One of the greatest challenges of leading ice is placing ice screws. Here are 5 basic tips to succeed...
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Dale Remsberg is an internationally licensed Mountain Guide (IFMGA) and Technical Director of the American Mountain Guides Association (AMGA). Never one to focus on a single aspect of climbing, Dale is an accomplished all around climber with high-end skills that cover all disciplines of climbing including; sport, trad, mixed, ice and alpine. Here, Dale shares some tips on how to place an ice screw while leading.
Top roping ice and leading ice are two very different experiences. As the adage goes “Ice climbing is a leader’s game” and I could not agree more. While top roping is a great way to improve and work on your technique, leading is where it's at. At the same time, I would never encourage a climber to lead ice before they are ready. One of the greatest challenges of leading ice is placing ice screws and in these five steps I’ll give my favorite tips to be a successful leader and place solid ice screws.
1. Practice on the Ground
Learn to place ice screws on the ground before leading and experiment with different hand positions, making sure to practice with both hands. The good ice will not always be near your strong hand. Focus on the power zone of placement which is hip to shoulder height. You may be tempted to place it as high as you can but the few inches you may gain are not worth the extra effort and pump you will get.
Above: Avoid placing ice screws too high- it's not worth the pump!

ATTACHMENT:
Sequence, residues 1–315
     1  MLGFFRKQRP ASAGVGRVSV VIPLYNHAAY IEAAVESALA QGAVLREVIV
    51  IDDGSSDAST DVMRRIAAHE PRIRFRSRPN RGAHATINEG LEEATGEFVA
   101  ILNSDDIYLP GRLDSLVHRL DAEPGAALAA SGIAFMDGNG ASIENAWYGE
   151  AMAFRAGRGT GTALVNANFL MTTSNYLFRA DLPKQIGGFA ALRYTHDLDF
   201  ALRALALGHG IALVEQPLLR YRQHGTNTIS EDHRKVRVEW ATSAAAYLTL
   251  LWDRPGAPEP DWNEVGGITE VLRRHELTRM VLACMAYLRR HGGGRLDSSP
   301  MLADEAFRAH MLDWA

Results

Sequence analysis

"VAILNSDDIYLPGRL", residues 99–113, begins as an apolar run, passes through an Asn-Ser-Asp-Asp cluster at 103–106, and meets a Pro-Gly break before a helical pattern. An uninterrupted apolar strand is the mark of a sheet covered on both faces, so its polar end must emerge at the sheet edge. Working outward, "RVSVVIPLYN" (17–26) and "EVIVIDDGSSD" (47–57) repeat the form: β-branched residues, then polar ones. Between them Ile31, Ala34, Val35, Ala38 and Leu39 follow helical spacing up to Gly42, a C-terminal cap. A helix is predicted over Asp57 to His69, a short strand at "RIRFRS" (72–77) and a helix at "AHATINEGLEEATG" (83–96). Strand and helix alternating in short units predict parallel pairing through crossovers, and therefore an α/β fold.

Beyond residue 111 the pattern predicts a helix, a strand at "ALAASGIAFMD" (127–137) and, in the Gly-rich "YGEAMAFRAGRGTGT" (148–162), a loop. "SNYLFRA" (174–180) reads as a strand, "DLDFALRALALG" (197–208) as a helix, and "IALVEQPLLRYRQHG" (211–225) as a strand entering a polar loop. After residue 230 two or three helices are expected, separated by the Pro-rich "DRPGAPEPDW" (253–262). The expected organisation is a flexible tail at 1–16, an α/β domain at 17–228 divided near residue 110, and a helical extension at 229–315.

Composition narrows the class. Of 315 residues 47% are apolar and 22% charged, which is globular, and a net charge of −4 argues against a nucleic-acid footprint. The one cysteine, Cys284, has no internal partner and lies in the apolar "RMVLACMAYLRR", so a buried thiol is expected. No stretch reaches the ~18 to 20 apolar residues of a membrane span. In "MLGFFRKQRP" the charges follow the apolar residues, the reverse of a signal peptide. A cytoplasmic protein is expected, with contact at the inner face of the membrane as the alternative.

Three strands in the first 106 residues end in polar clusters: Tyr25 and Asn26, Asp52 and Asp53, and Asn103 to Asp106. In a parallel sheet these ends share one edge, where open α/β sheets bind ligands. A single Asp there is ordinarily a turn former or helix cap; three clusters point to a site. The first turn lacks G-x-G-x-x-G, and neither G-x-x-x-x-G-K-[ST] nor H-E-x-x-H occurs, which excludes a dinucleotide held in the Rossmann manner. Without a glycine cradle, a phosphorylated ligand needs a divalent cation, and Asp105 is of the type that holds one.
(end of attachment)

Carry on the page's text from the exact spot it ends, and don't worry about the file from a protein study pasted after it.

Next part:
2. Perfect Placements are Rare
While testing shows that an upward placed ice screw is strongest in good ice, it can often be a struggle to find those ideal placements. I recommend just placing most screws perpendicular to the ice angle as its quick, easy and plenty strong. It's more important to get the screw placed and get it clipped.
Above: An ice screw placed at an upward angle.
Above: A perpendicular placed ice screw.
3. Weight Your Feet
Ice climbing has a very specific pump that can hit quickly so finding good stances with level feet and the majority of weight on your feet is critical. Although ice can form in unique overhangs that are strenuous, most ice is vertical or less so finding the weaknesses that allow for mostly hands free stances will aid in the placement of protection.
4. Don't Waste Time on Poor Ice
Place screws where the ice is good not when or where your mind wishes you had protection. This means you may need to place protection closer or further apart then those perfectly spaced sport climbs you are used to. The testing of ice screws shows that placements in poor ice are worthless so if you are going to take the effort to place one make sure it is good.
5. Know Your Limits
Don’t be afraid to back off if you get in over your head. Ice protection is not as reliable as rock gear so if you get pumped silly sink some solid screws build a V-Thread and rappel. Practice building V-Threads a bunch of times before heading out on your first leads. And if you can get one built don’t be afraid to leave a couple of screws to descend on. Most likely a friend or a local guide can help you get them back. Falling on ice is a big “no-no” so avoid it at all cost.
Words and photos: Dale Remsberg